One man, one paranormal entity — the Barber Brothers’ short film, Go Back, is here to bring all the “nopes” of driving alone through a woodland country road. Everyday objects seem sinister, but it is the unseen paranormal activity that should actually be feared.

The Barber Brothers build tension in realistic ways rather than writing taxing leaps in logic or relying on jump scares. An innocent look-around in the back seat that could lead to a car crash, a silhouette in the road draped by a tarp, an ominous thud on the roof of the car, chiller! All of these events built suspense and nothing seemed gratuitous — it is a very lean 6 minute short, after all. The 70s aesthetic appealed to me, using what looks like a 1978 Monte Carlo along with the leisure suit garb for the lone (human) character. And with all of that, Go Back is also edited very well.

Starring Nathaniel Barber as Scott, a man who we meet driving along a lonely dirt road, covered in the black of night. Unable to see beyond his headlights, he drives (somewhat) cautiously towards his unknown destination. Or away from somewhere? Then out of nowhere, he sees a figure in the middle of the road draped in a plastic tarp. After removing the inconvenience he continues, only to come upon the same figure again. Chalking it up to hillbillies having their fun, he bravely continues on, though literally everything keeps telling him to go back!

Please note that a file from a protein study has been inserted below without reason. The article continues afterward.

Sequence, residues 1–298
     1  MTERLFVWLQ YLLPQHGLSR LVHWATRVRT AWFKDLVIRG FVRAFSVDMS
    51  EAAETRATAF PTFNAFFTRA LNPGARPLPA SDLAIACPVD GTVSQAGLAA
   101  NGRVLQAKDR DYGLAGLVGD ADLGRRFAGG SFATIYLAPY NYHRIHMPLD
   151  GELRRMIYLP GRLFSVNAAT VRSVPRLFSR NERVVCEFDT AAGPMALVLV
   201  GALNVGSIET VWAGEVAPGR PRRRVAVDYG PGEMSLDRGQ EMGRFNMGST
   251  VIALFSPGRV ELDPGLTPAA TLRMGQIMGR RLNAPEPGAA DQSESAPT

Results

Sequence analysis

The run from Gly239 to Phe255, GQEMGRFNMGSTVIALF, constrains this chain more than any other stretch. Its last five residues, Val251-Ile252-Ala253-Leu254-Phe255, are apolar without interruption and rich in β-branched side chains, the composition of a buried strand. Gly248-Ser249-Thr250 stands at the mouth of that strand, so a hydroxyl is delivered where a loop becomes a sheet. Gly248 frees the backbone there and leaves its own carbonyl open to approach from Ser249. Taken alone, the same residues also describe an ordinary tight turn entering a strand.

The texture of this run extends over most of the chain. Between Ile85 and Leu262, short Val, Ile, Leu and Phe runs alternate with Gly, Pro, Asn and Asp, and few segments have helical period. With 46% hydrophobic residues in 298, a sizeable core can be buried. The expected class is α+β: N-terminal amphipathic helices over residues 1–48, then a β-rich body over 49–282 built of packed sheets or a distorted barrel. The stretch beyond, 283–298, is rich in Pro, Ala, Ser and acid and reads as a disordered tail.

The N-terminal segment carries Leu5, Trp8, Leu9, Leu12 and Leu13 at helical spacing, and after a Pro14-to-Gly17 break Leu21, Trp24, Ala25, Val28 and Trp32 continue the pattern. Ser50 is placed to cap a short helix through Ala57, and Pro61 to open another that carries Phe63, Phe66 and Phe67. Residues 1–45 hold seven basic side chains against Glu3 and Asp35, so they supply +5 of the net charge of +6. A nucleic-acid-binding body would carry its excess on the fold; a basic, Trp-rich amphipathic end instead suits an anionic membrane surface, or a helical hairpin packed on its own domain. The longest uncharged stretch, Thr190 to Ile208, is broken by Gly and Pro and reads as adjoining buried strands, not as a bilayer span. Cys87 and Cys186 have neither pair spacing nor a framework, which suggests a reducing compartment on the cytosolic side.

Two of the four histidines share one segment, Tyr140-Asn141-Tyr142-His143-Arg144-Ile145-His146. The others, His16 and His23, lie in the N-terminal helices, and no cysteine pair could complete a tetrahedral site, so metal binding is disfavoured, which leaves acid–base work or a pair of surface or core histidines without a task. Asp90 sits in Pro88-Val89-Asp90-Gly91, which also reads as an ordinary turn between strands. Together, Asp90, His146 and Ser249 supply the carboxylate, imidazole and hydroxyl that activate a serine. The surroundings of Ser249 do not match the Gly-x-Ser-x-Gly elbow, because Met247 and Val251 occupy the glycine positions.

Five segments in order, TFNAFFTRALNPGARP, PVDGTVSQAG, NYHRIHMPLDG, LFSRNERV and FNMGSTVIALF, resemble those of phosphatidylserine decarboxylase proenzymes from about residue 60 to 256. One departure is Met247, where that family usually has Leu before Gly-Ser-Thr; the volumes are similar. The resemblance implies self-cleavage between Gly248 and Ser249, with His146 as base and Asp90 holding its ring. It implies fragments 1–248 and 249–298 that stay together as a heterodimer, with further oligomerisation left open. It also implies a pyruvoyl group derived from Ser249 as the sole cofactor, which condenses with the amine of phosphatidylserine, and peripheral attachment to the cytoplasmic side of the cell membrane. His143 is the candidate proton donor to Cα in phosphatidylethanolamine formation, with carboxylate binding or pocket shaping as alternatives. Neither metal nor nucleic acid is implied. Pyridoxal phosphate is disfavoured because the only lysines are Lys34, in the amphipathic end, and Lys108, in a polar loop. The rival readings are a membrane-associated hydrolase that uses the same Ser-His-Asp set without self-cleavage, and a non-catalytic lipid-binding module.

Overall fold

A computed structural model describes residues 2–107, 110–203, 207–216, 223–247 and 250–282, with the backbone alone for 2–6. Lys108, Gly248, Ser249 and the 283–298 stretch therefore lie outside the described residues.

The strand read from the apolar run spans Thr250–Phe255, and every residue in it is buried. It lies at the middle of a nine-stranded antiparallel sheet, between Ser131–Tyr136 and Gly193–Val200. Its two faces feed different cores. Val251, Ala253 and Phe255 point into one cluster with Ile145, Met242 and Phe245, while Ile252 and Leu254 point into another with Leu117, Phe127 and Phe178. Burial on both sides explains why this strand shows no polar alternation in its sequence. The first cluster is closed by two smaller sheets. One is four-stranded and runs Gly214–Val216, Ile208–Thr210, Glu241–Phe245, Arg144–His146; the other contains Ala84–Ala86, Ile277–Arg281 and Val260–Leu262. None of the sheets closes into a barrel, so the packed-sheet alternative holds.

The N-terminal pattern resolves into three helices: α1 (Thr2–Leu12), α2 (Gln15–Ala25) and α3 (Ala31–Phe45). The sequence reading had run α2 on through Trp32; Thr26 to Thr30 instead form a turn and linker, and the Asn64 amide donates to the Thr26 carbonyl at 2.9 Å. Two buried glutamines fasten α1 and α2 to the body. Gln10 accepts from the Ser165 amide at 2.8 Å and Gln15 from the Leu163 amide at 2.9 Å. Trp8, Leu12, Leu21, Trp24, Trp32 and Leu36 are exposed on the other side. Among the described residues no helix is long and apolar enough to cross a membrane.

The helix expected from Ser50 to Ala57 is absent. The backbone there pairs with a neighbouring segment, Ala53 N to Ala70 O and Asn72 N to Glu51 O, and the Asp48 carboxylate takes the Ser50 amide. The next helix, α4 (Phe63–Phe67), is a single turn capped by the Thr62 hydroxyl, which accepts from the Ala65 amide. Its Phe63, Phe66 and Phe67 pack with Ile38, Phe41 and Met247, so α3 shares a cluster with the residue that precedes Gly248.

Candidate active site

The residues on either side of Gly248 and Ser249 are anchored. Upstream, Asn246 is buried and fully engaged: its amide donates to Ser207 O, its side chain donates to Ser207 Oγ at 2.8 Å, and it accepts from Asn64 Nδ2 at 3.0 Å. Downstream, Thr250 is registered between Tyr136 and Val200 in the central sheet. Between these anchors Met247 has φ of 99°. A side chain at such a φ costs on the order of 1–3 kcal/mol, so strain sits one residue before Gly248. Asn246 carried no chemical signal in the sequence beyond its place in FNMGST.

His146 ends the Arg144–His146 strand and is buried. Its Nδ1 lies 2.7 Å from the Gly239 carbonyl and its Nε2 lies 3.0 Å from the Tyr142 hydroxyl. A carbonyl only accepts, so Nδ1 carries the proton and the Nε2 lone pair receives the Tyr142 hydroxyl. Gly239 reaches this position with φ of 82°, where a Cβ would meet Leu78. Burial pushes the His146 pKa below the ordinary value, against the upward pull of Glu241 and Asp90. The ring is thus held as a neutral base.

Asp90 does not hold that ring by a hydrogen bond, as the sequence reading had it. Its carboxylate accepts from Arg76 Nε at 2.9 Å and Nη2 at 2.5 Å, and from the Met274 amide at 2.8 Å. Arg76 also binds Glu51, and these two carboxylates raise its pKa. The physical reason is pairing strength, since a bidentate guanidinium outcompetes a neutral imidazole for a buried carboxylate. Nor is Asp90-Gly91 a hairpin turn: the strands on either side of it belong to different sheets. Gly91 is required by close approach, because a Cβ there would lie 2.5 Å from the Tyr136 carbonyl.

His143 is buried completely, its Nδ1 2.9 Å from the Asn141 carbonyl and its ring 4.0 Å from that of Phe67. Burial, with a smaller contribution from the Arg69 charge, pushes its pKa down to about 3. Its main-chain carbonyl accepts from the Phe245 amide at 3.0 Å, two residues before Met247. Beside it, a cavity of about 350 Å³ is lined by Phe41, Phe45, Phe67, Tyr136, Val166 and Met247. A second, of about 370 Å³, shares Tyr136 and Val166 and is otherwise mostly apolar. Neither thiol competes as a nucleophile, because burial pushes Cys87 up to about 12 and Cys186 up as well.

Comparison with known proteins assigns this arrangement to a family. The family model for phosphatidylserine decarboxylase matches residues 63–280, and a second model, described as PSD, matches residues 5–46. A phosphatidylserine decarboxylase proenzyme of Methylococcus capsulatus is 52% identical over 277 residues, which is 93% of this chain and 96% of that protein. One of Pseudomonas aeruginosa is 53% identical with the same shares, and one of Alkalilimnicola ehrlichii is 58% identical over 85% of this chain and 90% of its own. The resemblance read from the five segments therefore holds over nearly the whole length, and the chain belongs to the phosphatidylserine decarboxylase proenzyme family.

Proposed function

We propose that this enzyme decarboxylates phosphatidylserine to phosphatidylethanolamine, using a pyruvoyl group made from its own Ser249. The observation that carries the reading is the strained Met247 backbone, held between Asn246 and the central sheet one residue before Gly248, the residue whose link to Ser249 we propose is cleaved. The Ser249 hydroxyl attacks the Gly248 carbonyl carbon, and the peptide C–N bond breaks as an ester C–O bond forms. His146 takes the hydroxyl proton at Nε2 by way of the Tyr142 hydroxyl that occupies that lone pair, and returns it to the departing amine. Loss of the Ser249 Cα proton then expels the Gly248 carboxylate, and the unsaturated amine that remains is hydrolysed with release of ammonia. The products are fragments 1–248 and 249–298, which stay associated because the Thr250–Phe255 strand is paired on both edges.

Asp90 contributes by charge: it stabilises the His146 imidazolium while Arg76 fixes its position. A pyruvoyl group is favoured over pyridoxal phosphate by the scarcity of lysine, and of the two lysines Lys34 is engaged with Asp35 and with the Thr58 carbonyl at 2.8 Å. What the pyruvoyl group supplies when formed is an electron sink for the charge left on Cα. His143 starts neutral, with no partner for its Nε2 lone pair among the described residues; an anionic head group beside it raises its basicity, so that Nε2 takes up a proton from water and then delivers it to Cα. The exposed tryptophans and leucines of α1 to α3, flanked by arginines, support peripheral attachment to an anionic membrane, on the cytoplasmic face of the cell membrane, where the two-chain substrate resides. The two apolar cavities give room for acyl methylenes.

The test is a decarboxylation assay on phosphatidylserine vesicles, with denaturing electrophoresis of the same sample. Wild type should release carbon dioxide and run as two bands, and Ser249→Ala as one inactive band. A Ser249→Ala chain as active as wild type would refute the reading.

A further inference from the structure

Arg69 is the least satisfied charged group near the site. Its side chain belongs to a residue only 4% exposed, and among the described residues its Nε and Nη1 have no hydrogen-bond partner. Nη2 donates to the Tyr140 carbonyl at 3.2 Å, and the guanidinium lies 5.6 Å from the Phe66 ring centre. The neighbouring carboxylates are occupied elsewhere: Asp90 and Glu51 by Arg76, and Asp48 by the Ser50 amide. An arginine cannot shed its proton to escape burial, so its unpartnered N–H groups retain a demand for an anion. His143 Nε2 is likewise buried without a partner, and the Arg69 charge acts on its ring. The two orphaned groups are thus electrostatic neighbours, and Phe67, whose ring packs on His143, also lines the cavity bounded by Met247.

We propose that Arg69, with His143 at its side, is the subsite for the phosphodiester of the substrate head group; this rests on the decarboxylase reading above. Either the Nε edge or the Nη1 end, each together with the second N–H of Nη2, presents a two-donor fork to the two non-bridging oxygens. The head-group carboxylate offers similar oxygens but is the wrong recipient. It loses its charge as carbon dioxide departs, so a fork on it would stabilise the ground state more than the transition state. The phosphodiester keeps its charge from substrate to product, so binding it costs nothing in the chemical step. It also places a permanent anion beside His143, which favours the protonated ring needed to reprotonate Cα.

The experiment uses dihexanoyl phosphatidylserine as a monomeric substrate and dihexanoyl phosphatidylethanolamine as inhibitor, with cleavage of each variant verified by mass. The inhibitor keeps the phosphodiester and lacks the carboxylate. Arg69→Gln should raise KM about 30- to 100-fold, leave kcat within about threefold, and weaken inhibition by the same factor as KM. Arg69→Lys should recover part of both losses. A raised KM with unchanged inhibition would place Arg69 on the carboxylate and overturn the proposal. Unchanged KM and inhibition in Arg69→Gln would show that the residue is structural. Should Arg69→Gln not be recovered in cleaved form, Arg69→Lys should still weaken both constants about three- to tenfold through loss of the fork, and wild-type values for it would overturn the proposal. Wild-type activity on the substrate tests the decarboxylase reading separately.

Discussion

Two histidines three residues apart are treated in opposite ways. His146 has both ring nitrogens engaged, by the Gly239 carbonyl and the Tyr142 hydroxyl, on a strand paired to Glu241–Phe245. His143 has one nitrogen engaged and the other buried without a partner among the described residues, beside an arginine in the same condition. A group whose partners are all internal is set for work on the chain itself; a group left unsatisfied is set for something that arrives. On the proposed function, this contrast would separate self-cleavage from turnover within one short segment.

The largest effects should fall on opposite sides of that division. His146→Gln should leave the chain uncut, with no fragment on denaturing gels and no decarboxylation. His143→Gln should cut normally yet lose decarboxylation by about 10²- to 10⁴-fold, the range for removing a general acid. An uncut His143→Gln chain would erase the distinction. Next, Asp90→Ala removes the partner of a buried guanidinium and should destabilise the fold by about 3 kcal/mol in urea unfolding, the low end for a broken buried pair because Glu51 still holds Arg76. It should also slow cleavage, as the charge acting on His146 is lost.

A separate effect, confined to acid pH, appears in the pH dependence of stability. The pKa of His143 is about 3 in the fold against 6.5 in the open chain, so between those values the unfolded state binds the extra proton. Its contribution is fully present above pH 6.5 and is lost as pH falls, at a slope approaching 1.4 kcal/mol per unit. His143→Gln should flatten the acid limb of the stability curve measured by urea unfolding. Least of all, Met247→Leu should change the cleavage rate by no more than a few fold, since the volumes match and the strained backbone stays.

Go Back has a creepy piano score, one of those ones that tattle that you’re definitely watching a horror film, but instead of feeling cliché, oddly, this score helps to build the aforementioned suspense. However, a brief misstep in the suspense strategy may have been that they jumped the gun on showing the paranormal entity. It may have been more effective if that was shown only at the very end, and it may have even made my favorite part where a car randomly turns off yet more creepy. Despite getting the full monty of the creature, the film’s ending was still very effective.

Go Back has a lot of elements that all come together to make the perfect amuse-bouche of a horror film; it is short and sweet and it got a small but fair yelp out of me. Go Back is showing at Panic Fest 2020 Short Film Showcase Block #2 on January 25th.

MOVIE RATING 7.5 out of 10 ☠️


Safe States
RATING: R No Trailer Available
Runtime: 6 Mins.
Directed By:
Anthony Ladesich
Written By:
Anthony Ladesich

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